Pak court acquits 115 accused of torching Christians' houses
A Pakistani court on Sunday acquitted all 115 suspects accused of torching a number of houses and shops of Christians in Lahore in 2013 over a...
A Pakistani court on Sunday acquitted all 115 suspects accused of torching a number of houses and shops of Christians in Lahore in 2013 over a blasphemy issue, citing lack of evidence.
Lahore's anti-terrorism court judge Chaudhry Muhammad Azam accepted the arguments of defence and ordered acquittal of the suspects, observing that evidence presented by prosecution against the suspects was "insufficient" to convict them.
On March 8, 2013, thousands of protesters armed with sticks, clubs and stones ransacked Joseph Colony and set over 125 residential properties, shops as well as some motorcycles and rickshaws and a church on fire after a word was spread in the locality that a Christian had committed blasphemy.
A clash between police and the arsonists had also left a number of people injured but no casualty was reported.
During Sunday's hearing, Defence lawyer Ghulam Murtaza argued that the prosecution had failed to provide a "single evidence" to establish the charges against his clients.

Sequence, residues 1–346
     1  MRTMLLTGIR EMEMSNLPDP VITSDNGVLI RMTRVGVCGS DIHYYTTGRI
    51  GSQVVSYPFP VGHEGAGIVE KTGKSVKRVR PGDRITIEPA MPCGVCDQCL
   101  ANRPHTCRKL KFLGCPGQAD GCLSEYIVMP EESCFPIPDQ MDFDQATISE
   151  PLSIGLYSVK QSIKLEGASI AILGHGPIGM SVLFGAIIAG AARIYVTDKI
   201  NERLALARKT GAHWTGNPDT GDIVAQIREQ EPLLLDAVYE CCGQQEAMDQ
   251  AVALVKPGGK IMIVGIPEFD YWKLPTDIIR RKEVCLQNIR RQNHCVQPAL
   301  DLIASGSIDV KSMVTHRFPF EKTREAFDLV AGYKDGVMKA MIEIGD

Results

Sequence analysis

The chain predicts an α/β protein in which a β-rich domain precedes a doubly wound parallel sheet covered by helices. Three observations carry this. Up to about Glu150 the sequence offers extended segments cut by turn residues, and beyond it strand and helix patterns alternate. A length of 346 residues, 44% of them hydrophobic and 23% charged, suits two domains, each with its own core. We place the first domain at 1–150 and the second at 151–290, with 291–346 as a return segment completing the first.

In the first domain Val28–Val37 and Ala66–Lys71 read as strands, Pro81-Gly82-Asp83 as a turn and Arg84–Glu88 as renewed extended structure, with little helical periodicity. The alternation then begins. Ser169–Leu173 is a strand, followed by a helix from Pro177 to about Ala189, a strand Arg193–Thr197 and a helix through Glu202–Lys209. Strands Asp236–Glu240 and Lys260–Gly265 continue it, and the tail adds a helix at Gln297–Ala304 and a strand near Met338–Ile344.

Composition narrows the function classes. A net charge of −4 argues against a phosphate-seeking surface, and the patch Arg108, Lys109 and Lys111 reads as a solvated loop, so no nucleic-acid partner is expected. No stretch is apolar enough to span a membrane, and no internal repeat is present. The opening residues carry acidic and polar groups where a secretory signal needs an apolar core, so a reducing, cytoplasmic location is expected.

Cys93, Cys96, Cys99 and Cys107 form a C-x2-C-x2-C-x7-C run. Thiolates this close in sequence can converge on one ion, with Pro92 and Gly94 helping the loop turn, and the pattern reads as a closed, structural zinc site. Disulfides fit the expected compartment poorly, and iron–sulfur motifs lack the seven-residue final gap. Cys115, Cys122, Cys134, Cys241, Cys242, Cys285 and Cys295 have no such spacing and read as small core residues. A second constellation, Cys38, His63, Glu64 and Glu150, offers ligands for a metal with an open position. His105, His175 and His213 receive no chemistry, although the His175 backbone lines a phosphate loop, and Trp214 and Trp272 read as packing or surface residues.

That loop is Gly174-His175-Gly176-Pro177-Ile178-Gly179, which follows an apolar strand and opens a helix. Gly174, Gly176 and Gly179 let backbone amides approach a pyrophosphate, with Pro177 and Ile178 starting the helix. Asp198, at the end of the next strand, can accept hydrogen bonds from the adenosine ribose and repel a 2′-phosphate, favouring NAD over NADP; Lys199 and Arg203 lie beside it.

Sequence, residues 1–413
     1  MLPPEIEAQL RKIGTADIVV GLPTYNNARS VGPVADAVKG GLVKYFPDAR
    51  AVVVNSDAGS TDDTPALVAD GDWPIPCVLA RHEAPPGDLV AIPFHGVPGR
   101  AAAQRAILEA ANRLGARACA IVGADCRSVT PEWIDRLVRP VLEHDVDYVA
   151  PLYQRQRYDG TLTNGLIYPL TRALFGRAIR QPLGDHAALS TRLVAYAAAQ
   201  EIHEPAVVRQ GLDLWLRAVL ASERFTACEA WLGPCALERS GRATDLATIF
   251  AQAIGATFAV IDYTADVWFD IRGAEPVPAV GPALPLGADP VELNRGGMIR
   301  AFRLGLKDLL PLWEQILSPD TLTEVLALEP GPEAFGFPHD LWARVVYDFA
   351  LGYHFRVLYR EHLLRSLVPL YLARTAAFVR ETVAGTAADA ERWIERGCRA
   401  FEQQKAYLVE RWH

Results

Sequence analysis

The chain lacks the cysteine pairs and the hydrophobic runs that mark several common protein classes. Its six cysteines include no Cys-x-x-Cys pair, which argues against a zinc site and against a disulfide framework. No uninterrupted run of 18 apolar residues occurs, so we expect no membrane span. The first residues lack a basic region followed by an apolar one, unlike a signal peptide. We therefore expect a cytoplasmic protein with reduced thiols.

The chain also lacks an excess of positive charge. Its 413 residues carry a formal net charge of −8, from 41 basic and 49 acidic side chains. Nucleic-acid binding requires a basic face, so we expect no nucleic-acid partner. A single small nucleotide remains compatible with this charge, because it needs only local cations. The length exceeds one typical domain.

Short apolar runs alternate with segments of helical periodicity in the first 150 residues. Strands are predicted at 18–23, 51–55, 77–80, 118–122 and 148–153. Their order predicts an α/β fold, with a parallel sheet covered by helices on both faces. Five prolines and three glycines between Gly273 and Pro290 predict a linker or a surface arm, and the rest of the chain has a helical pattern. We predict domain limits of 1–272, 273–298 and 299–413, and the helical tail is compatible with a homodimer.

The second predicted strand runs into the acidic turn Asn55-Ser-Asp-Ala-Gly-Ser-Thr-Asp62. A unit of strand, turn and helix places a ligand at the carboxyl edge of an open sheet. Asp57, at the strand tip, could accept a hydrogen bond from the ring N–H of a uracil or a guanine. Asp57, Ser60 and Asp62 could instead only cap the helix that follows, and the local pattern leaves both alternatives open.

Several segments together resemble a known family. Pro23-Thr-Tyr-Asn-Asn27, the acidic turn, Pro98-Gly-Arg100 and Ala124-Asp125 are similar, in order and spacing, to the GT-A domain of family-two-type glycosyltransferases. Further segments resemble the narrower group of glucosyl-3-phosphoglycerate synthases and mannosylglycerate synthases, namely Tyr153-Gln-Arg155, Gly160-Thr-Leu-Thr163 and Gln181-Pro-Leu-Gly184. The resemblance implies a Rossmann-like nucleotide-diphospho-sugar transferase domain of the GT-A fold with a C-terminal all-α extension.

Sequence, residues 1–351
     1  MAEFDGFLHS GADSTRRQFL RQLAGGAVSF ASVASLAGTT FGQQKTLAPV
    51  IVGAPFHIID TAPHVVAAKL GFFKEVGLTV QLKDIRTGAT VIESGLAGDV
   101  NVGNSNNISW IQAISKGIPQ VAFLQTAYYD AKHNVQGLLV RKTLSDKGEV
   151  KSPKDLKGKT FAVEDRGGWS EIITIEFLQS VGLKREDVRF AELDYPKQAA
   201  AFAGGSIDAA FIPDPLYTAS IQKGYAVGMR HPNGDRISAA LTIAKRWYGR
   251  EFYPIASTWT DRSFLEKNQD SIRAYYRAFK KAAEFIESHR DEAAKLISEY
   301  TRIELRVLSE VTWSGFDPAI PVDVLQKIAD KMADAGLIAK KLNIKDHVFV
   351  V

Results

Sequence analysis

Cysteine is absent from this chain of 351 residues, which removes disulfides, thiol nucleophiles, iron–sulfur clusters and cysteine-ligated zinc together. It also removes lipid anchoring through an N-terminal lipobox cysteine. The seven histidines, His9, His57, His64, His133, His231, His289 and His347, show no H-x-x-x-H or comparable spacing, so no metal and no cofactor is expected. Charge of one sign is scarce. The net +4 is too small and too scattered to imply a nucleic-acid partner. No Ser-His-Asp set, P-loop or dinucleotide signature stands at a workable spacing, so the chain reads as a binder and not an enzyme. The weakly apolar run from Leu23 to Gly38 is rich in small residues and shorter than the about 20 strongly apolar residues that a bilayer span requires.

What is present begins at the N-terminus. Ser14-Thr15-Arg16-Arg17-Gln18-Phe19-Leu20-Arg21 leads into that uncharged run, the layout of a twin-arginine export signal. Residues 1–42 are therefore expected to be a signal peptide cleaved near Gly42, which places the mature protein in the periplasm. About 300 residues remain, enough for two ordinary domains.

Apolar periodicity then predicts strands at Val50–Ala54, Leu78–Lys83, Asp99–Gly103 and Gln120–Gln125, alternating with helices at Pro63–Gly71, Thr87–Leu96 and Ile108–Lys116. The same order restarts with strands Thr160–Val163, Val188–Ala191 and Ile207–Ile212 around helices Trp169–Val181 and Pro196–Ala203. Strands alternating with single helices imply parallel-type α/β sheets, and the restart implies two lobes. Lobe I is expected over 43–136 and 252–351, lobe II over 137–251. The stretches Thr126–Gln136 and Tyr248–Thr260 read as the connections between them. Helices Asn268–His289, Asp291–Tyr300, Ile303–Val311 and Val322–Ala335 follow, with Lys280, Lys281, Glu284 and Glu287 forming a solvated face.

He said the prosecution had lingered the case for more than three years but could not come up with any solid evidence against the suspects. He requested the court to acquit the suspects because of want for proof.
A prosecution lawyer argued the evidence provided by the prosecution team is enough to convict the suspects.
"This incident not only spread a wave of terrorism in Lahore but also brought a bad to name to Pakistan," he said.
The judge, however, termed the evidence "insufficient" and acquitted all the suspects.
Hundreds of Christians were displaced following the incident. Initially police had booked more than 1,000 Muslims, 80 of them were nominated. Later, it arrested 115 suspects who were acquitted on Sunday.
Police had also arrested a Christian, who was accused of blasphemy. A trial court had tried him under blasphemy charges and sentenced him to death in 2014.
Imran Shahid had accused Sawan Masih of making blasphemous remarks.
However, Dilawar Masih, who lost his house and shop in the attack, said, "Both Imran and Sawan are close friends and the former has made the allegation only to settle a personal score because they had quarrelled over some petty matter."